The pitfalls of convenience foods
Holistic Nutrition is all about traditional foods. But in our modern, space-travel-fast-paced world, convenience foods began to take over starting in the ’40s and exploding in the swinging ’60s. Marketed to housewives as the ‘time saver’ they so desperately needed, this advice was heeded and it hasn’t stopped growing since then. After the wars, we began growing food differently, on a bigger and more toxic scale, and using crops for animal feed and oils to preserve our “food products” instead of for actual food. This switch led us into the even speedier convenience foods of the 70s and 80s where many of the alternative foodie/farming and punk/hippie radical folks took a stand against multinational monocropping culture. They were fighting for real food and tradition and continued their fight and education, but by then our food system had radically shifted. We lost the simplicity of whole foods using traditional preparation. We lost our connection to traditional preservation practices, and we lost our connection to food in the home and the human connection to not only our food but where it came from - and who we enjoyed it with.
In the commune kitchens of the 1960s, the women knew that we needed more raw, living, and traditional foods in our diet. The new-fangled ‘astronaut’ diet of quick TV dinners, Tang and Cheez-Whiz would simply not do. When women moved from their assigned gender role of being “in the kitchen” to be out in the workforce, it made convenience foods seem even a necessity rather than a suggestion. Alongside fancy gizmo’s and kitchen gadgets meant to ‘save you time!’ all foods available became processed, canned, re-heated, frozen, microwaved, GMO’d, and otherwise dead inside.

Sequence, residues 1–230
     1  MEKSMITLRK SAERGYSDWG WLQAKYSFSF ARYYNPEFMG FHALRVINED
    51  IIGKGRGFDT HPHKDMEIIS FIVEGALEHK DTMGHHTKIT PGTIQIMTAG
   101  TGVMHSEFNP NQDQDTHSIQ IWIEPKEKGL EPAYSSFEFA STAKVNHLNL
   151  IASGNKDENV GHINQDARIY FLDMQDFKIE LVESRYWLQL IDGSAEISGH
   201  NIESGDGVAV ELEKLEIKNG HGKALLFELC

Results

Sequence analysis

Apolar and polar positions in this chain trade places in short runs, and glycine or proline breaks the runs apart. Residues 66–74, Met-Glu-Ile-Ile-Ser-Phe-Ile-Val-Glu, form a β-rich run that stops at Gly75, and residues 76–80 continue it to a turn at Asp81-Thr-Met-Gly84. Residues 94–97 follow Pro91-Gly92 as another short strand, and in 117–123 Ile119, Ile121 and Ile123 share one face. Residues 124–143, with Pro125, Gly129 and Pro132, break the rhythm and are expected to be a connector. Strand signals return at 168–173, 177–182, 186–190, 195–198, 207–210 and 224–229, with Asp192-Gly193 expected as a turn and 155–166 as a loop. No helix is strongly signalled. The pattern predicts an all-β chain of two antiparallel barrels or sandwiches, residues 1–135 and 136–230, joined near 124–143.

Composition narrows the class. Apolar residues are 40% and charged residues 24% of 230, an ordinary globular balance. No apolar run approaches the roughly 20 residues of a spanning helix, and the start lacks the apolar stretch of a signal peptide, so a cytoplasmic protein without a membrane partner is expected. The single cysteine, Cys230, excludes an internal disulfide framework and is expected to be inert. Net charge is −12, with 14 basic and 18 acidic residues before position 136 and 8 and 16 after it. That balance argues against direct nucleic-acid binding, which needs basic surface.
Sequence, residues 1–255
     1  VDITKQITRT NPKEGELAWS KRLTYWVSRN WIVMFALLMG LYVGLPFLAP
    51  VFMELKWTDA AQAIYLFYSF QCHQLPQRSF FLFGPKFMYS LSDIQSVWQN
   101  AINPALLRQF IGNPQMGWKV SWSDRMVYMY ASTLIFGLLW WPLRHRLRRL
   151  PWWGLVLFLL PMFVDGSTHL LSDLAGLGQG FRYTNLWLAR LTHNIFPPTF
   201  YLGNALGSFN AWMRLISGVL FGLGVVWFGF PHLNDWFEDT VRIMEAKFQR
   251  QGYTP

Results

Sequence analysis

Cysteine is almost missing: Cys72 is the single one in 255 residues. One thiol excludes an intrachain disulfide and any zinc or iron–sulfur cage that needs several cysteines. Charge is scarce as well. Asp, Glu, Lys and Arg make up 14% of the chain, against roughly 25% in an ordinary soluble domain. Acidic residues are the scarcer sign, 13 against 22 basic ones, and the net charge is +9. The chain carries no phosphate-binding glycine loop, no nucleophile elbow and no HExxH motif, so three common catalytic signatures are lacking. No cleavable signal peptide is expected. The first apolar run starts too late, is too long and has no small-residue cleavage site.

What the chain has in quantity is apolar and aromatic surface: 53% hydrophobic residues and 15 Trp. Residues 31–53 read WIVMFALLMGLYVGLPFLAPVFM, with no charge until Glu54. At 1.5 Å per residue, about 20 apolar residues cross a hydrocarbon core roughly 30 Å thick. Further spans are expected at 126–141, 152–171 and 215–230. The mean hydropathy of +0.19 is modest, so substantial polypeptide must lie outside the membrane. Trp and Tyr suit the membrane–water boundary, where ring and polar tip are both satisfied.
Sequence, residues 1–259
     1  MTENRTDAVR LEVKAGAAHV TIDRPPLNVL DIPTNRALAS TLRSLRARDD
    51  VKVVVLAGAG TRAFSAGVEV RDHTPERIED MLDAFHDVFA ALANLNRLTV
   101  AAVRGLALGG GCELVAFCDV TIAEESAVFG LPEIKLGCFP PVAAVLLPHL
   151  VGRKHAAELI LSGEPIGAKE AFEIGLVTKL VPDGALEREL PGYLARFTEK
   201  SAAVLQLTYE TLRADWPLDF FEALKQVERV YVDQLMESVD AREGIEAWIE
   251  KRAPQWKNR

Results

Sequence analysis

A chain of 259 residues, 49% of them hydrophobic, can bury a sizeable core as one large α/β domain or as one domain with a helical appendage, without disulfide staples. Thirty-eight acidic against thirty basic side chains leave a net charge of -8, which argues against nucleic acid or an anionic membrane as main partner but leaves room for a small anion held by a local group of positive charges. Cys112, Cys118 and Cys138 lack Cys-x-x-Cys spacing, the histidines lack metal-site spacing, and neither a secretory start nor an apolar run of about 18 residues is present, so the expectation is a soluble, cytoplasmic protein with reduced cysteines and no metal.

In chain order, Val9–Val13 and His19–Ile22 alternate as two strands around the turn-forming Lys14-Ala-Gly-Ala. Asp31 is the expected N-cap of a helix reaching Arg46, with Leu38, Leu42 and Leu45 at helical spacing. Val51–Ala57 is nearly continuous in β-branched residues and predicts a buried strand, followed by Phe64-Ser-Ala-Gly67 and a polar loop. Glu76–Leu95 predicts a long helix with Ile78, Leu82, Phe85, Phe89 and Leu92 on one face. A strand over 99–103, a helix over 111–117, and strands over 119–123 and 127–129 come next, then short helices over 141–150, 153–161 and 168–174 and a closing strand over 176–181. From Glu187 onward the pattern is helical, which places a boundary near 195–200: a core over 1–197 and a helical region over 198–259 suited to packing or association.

Fermented foods are not dead inside. The opposite. These living raw foods offer our guts (and our tastebuds) immense benefit. Raw, fermented foods like kombucha. Traditional ginger ale. Milk kefir. Water kefir. Unpasteurized Sauerkraut. Raw Pickles. Kimchi. Miso. Mead. Raw pickled beets and carrots. These living foods have been part of cultures since the dawn of time (and just about every single group of humans worldwide has ‘their’ ferment they are known for) but with the way our modern world changed and how much humans move now, we have lost touch with that grounding security in traditional foods that our lands offered.
Fermented foods are not a new thing or a new trend. It’s a re-activated (it just keeps coming up every couple decades) necessity. It’s not new, we didn’t just discover it. It has been happening in basements and barns long before we (millennials) were walking the earth. Almost all cultures throughout the world intentionally introduce bacteria and/or yeast into their food to transform it into new food. Ferments are making a comeback. People care about where their food comes from, and how it is prepared. The ideology behind “slow food” is becoming normalized, and science is backing up the benefits of probiotics and the importance of gut health. Now with the research on our gut health and the trillions of bacteria that we are, we are starting to learn that we need to work with bacteria, instead of always trying to get rid of it.